Thursday, December 20, 2007

Death by Hanging

Here is some stuff that you are not likely to see most any place else (it came up in recent conversations; some of my conversations take strange turns):

Hanging, and most strangulation, deaths are a result of vascular compression in the neck (not airway compression as is commonly thought). Compressing the blood vessels in the neck lead to either blood pumping into the head but not being allowed to exit (venous compression) or no blood pumping into the head (arterial compression). The end result of either is that brain cells are not fed with oxygen and sugar (the latter is fuel for function). The starved brain cells die. (This also explains why someone doesn’t need to be suspended to die by hanging.)

Arterial compression is the most “efficient” for causing death and most often the case in hanging deaths. Based on published data and observational studies, unconsciousness occurs in 6-15 seconds, at 1-2 minutes heart rhythm problems occur because of the brain cell anoxia, and death in 3-6 minutes (with irreversible brain damage in 4 minutes). [Do remember that there are no absolutes in medicine, so these times do vary individual to individual.]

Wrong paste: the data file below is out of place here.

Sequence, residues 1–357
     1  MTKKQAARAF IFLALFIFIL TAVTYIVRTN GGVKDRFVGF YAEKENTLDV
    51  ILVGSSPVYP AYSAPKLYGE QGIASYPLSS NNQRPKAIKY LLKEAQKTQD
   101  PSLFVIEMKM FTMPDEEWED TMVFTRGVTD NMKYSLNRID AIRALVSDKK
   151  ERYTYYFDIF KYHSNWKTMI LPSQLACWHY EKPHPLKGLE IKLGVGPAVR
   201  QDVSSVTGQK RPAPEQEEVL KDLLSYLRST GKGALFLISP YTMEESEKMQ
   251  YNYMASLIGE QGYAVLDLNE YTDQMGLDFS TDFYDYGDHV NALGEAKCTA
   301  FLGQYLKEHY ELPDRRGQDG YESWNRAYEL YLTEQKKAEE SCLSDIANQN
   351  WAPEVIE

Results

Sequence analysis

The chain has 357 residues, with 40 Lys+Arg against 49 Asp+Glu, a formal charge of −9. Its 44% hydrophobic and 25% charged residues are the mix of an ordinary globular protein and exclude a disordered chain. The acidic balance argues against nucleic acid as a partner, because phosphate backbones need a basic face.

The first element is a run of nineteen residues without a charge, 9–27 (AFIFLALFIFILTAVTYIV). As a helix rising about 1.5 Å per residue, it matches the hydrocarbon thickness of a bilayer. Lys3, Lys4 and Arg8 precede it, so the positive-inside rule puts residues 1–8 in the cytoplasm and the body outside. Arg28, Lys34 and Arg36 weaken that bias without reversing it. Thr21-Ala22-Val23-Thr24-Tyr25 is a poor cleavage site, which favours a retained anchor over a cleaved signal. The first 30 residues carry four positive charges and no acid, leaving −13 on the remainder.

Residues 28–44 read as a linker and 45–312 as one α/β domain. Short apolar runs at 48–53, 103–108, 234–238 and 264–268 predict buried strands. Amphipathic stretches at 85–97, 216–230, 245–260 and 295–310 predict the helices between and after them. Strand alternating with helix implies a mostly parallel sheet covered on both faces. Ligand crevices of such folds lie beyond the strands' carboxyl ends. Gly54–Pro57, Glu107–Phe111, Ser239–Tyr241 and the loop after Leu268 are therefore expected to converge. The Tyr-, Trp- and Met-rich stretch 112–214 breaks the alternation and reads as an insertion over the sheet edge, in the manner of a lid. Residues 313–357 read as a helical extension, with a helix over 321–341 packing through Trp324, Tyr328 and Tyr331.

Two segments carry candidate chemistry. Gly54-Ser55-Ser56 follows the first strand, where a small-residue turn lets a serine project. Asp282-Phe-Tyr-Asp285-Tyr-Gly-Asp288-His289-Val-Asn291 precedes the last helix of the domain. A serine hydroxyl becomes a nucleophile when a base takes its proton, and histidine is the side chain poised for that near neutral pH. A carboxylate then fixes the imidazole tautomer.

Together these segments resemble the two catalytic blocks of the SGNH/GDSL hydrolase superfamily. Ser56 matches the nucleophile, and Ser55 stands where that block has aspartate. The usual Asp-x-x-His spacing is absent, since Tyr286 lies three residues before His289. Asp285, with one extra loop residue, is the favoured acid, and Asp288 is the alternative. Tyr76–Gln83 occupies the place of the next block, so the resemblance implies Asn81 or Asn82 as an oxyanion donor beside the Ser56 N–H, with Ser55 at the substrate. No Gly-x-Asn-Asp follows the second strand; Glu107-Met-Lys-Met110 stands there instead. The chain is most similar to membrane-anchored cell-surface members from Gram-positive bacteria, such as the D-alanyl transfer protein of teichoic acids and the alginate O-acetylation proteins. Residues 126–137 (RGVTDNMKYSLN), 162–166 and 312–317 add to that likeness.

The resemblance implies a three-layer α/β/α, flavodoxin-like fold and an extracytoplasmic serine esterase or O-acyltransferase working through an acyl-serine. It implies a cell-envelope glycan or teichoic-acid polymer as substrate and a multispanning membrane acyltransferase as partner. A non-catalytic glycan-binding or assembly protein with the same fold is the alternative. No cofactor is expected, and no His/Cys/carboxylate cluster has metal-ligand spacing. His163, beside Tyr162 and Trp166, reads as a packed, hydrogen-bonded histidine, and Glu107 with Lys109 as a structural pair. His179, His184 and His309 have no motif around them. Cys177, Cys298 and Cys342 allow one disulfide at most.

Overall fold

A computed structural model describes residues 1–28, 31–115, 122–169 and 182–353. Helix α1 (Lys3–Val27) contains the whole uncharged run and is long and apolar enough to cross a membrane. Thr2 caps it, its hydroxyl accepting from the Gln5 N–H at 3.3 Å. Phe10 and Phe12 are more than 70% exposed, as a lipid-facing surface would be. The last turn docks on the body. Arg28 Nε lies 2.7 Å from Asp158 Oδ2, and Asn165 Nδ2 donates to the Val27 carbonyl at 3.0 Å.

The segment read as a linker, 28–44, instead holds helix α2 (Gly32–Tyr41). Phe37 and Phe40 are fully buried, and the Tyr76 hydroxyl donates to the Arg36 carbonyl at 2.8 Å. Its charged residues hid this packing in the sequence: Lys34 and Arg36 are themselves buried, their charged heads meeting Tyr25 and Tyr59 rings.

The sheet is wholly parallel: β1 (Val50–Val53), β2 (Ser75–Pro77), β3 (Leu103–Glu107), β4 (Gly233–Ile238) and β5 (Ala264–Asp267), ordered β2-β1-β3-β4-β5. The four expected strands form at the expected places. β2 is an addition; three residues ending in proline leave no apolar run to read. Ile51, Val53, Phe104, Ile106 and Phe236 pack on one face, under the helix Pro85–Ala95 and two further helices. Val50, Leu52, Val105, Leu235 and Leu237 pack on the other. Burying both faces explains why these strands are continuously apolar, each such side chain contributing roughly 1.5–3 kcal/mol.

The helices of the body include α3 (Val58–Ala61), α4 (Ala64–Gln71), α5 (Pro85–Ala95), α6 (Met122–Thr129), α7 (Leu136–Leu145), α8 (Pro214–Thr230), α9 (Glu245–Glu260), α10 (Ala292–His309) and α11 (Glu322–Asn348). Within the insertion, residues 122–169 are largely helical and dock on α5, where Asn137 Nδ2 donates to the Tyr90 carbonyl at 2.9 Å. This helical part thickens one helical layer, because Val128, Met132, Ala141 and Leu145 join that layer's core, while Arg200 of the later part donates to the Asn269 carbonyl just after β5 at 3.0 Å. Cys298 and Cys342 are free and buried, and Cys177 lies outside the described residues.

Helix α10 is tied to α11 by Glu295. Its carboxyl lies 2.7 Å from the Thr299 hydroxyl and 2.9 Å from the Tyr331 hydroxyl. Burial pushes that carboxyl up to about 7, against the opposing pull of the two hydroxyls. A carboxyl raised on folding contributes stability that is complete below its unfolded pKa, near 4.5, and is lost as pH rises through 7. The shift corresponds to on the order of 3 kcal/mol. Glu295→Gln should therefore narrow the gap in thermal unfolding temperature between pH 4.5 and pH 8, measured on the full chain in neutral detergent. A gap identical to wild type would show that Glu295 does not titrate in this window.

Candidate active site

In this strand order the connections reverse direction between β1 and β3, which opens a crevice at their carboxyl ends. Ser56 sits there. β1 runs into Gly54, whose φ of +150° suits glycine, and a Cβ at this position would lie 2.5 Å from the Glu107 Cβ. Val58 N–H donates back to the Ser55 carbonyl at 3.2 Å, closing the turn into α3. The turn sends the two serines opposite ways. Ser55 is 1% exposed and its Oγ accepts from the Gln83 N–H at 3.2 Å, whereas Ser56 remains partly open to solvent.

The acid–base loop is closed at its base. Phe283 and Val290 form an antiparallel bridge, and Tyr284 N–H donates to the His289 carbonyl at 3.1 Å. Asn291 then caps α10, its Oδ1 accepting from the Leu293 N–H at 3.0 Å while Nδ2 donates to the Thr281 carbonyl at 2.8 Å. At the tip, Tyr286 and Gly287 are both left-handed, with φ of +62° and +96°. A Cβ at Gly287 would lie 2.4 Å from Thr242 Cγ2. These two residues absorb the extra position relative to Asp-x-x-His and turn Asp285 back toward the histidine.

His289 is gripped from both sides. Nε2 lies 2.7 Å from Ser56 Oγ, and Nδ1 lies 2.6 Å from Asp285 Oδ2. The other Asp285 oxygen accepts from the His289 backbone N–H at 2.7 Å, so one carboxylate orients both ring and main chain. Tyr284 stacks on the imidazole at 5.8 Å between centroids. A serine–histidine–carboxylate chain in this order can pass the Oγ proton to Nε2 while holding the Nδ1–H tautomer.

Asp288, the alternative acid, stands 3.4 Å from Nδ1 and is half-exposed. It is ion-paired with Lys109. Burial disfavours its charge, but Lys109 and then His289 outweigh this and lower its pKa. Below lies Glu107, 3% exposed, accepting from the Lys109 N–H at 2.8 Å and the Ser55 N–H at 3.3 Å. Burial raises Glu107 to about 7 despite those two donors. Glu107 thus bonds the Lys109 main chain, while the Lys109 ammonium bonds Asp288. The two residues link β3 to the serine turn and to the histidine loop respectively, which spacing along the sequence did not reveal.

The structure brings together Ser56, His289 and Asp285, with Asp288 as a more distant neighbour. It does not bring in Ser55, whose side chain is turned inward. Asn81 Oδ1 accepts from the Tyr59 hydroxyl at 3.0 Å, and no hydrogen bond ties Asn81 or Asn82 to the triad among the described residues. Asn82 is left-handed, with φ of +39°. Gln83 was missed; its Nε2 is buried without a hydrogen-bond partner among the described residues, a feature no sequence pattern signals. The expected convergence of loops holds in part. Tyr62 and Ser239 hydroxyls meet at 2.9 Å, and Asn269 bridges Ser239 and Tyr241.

In homicidal strangulation, the arterial occlusion is not so absolute, so the times are often prolonged. It is not until the victim loses consciousness that the arterial occlusion can approach total.

[Just as an aside (should I say in a different vein), severe arterial bleeding, like the carotid arteries, results in death in more like 10-20 minutes.]

Yes, I do get in strange conversations, but there are those that would like to eavesdrop and pick up on a few of these facts.

1 comment:

Anonymous said...

interesting, as always